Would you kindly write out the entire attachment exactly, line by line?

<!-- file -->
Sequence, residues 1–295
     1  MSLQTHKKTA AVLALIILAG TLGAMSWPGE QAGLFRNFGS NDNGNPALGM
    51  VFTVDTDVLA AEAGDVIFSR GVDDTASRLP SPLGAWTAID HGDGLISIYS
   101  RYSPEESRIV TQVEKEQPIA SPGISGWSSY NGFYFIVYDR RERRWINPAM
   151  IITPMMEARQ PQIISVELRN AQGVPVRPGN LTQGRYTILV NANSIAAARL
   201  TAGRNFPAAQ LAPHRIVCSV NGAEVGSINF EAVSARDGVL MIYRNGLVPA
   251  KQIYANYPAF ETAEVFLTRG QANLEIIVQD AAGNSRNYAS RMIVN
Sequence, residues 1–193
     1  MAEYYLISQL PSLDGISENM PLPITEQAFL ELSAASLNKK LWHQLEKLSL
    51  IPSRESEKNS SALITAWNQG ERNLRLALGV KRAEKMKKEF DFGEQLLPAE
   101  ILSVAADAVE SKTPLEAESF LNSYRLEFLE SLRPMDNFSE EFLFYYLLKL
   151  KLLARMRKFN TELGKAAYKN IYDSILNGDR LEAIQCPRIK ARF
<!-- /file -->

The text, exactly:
Sequence, residues 1–295
     1  MSLQTHKKTA AVLALIILAG TLGAMSWPGE QAGLFRNFGS NDNGNPALGM
    51  VFTVDTDVLA AEAGDVIFSR GVDDTASRLP SPLGAWTAID HGDGLISIYS
   101  RYSPEESRIV TQVEKEQPIA SPGISGWSSY NGFYFIVYDR RERRWINPAM
   151  IITPMMEARQ PQIISVELRN AQGVPVRPGN LTQGRYTILV NANSIAAARL
   201  TAGRNFPAAQ LAPHRIVCSV NGAEVGSINF EAVSARDGVL MIYRNGLVPA
   251  KQIYANYPAF ETAEVFLTRG QANLEIIVQD AAGNSRNYAS RMIVN
Sequence, residues 1–193
     1  MAEYYLISQL PSLDGISENM PLPITEQAFL ELSAASLNKK LWHQLEKLSL
    51  IPSRESEKNS SALITAWNQG ERNLRLALGV KRAEKMKKEF DFGEQLLPAE
   101  ILSVAADAVE SKTPLEAESF LNSYRLEFLE SLRPMDNFSE EFLFYYLLKL
   151  KLLARMRKFN TELGKAAYKN IYDSILNGDR LEAIQCPRIK ARF